Bridger, completely illiterate, had an exceptional sense of geography and terrain, and his fur trapping expeditions made the lay of the land known to the growing republic. When the fur trade died out — due to changing fashions and over-trapping of the resource — Bridger built a trading post in southwestern Wyoming he named Fort Bridger. It became an important waystation for the growing flood of emigrants passing through the plains and Rocky Mountains on their way to Oregon and California.
By the time Bridger took up work as a scout for the army, the West was filling up with mining communities, and the Indian peoples with whom he’d lived, intermarried, or fought, depending on circumstances, were in decline, ravaged by diseases like smallpox, alcoholism fomented by the whiskey trade, and under increasing pressure due to climate change and the loss of their range.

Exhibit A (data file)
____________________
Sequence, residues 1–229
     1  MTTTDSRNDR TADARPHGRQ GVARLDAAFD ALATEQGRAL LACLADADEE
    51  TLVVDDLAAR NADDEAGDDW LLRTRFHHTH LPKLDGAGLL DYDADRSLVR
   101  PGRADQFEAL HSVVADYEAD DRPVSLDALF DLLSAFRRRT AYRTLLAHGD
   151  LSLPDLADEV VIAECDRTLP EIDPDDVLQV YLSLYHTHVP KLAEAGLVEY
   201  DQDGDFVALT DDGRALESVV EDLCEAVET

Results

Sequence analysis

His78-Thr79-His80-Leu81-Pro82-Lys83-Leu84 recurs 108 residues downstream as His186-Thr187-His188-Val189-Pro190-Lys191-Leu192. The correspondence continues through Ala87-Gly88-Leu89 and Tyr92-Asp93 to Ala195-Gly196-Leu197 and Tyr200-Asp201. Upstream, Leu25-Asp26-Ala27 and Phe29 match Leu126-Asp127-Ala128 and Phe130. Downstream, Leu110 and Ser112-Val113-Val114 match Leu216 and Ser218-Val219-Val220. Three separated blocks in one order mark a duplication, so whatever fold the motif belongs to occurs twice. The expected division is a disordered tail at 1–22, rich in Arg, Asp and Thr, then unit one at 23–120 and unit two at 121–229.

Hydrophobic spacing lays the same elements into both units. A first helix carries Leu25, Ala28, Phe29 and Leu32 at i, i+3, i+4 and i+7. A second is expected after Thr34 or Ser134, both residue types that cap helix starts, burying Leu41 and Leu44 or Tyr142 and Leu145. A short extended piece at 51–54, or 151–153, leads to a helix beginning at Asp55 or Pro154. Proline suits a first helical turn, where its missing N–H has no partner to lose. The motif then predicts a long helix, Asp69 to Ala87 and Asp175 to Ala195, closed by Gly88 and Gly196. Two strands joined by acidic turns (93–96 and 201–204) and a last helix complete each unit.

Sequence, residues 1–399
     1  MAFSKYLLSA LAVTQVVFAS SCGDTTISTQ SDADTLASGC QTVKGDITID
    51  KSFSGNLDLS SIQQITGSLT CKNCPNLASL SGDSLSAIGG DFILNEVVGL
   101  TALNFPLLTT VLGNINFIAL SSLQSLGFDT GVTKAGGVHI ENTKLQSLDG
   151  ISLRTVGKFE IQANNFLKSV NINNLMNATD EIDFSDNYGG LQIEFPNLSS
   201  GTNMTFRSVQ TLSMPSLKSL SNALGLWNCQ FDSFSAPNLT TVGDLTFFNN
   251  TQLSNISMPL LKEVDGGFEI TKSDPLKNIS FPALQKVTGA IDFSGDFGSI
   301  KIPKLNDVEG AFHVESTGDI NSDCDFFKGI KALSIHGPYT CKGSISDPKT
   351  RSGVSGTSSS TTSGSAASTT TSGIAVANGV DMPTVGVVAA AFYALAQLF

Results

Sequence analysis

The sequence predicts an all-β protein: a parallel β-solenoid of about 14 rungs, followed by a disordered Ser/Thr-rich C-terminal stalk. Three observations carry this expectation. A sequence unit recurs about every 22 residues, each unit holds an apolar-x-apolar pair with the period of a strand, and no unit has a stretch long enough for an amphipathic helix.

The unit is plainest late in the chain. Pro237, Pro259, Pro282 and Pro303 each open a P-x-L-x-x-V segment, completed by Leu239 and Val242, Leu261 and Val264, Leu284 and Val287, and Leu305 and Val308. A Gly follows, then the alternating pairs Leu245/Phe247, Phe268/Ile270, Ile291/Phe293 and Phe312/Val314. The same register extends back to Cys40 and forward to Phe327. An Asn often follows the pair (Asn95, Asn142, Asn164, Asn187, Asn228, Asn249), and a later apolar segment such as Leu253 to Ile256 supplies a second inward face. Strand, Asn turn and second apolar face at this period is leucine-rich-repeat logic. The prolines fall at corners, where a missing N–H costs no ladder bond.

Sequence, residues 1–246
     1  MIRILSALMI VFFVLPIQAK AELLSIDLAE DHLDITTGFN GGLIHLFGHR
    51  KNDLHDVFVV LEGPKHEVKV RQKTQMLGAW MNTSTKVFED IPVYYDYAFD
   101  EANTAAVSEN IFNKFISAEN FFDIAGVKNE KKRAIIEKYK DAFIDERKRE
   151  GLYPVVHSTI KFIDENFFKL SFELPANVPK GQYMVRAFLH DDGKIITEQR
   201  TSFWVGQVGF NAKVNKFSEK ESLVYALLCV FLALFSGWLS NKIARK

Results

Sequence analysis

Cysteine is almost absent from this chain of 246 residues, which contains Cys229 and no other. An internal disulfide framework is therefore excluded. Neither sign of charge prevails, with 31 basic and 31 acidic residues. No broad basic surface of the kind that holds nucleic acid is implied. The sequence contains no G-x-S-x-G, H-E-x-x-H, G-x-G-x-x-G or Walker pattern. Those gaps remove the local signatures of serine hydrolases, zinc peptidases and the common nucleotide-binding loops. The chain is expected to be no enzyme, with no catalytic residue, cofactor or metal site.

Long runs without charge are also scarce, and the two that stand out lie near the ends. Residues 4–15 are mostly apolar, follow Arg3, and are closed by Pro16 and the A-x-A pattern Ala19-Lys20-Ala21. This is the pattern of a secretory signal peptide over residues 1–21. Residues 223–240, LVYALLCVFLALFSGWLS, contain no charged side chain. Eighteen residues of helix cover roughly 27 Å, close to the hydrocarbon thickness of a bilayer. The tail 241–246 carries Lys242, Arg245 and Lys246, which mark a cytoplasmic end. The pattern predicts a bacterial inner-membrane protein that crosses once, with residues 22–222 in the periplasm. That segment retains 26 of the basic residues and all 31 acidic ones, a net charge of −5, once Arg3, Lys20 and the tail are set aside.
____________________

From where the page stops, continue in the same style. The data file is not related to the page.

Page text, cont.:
“The free life in the mountains” that Bridger loved was disappearing — and he’d had a major hand in its demise. In making his living and his life, he had informally mapped the West and discovered routes that would one day be used by railroads and interstates, guided and provided advice and succor to emigrants who would fill it up, facilitated the work of the military force that would subdue and tame it.
He was the living embodiment of what I call The Frontiersman’s Paradox: We come to a wild, free, beautiful place, seeking an untrammeled life and a bit of economic prosperity — and our every action changes what we love.